Remote FDA Inspection
Increasing Demands of a Digitized World
While the Covid-19 pandemic has delivered challenges across the board when it comes to the production of pharmaceutical goods (among other things), it has also thrown governmental programs into disarray. Nowhere is this more clear than in the FDA's own failure to implement a solution for conducting remote inspections, which has drawn sharp criticism from the pharmaceutical industry.
At issue is the fact that new treatments and drugs cannot be certified unless the FDA is able to perform an on-site inspection of the production facilities. While the FDA does technically have the ability to bypass or adjust these requirements, thus far it has not seemed inclined to do so. This has caused the deferral or outright rejection of drugs for certification that could otherwise be rolling into production; while the agency has made some allowances for drugs and treatments considered "mission critical" will receive in-person inspections regardless of the pandemic, manufacturers feel there is no real definition as to what products merit that consideration.
Fewer Inspections, Fewer Drugs
The FDA had, in August 2020, stated it intended to use "other tools" at its disposal in order to perform inspections, which would theoretically include the use of video and audio equipment to conduct inspections remotely, but thus far there has not been a movement on this front. This delay in inspection not only stops the rollout of new treatments and drugs which are needed for everything from cancer to Covid-19, but it also means there is a very real risk of drug shortages.
This issue raised its head back in November, when the FDA delayed action on a novel cancer therapy application for Liso-cell, a new lymphoma treatment. This treatment would theoretically demonstrate a "substantial improvement over available therapies" and "[have] the potential to address unmet medical needs," both of which are part of the FDA's own definition of what constitutes a mission critical treatment. Instead, the inspection was deferred because inspectors could not travel to the facility where the drug is produced due to the pandemic. It was not until this month that the FDA finally approved use of the drug.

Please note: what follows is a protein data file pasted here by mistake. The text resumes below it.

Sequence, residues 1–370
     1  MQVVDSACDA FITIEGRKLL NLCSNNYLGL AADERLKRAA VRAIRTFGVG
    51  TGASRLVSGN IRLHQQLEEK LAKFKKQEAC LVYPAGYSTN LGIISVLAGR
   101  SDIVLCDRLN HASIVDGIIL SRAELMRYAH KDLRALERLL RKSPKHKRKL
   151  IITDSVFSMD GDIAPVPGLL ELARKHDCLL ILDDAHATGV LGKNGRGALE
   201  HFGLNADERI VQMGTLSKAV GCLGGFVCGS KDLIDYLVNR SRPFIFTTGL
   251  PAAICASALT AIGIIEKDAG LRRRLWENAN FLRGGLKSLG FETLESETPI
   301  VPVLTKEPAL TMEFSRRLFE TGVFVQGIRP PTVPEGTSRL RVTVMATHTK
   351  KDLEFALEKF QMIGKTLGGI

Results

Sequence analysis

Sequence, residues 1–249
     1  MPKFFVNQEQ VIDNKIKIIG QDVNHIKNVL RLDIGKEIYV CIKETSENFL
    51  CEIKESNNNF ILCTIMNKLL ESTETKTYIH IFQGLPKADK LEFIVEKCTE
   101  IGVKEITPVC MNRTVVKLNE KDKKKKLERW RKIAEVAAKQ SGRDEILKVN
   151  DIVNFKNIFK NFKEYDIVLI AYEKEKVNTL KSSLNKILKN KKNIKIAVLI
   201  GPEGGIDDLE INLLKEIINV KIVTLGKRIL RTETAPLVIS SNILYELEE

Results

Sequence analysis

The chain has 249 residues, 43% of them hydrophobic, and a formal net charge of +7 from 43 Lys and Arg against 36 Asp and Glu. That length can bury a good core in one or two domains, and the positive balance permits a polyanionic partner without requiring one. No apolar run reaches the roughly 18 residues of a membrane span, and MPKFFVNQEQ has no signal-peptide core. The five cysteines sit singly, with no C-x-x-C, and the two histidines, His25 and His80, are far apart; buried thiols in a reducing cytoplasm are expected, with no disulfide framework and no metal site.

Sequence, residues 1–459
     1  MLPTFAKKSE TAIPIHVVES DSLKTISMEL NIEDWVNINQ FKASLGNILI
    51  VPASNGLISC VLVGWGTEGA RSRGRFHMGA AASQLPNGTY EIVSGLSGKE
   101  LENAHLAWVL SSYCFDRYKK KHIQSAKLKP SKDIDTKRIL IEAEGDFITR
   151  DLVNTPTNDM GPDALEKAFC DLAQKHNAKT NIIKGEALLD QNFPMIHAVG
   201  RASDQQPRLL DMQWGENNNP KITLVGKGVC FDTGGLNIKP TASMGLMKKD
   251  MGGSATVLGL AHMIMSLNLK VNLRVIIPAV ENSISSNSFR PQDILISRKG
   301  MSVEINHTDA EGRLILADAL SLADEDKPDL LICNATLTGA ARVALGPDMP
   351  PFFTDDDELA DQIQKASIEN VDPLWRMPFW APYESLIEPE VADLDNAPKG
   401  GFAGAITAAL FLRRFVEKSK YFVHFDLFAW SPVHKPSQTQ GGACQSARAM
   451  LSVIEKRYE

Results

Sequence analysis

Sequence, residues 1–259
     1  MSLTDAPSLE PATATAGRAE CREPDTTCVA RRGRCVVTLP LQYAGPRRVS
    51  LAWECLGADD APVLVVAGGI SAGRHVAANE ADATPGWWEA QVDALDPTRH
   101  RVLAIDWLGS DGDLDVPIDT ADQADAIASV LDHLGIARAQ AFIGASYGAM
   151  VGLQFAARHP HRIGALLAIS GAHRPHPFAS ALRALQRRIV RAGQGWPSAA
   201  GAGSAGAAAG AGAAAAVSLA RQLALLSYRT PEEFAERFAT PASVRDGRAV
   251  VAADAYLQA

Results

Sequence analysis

A US-specific Issue?
Standing in stark contrast to the sluggish operations of the FDA are the European Medicines Agency and the Therapeutic Goods Administration in Australia, both of which have conducted remote assessments of new production facilities in the months since the onset of the pandemic. Remote assessments are also utilized in Canada and the UK – the UK has, in fact, been using remote inspections since a few weeks into the pandemic. The FDA has continued to resist implementation of remote or virtual inspections, preferring instead to utilize extensive document requests which are far more time consuming and complex – particularly for facilities located in foreign countries that need to first formulate responses and then translate them into English. Even more frustrating for manufacturers are the size limitations on files that can be transmitted to the FDA, meaning that larger documents need to be broken down into multiple chunks before the system will accept them.
While the installation of a new administration in the United States government does promise the possibility the FDA will come around to the idea of remote inspections, it is currently anybody's guess as to when – or if – the administration will ever perform them. Until then, manufacturers are just hoping for at least an upgrade to the technology used by the FDA for its document request submissions. Until then, the FDA will continue to lag behind its contemporaries and pharmaceutical manufacturers will have to soldier on as best they can.
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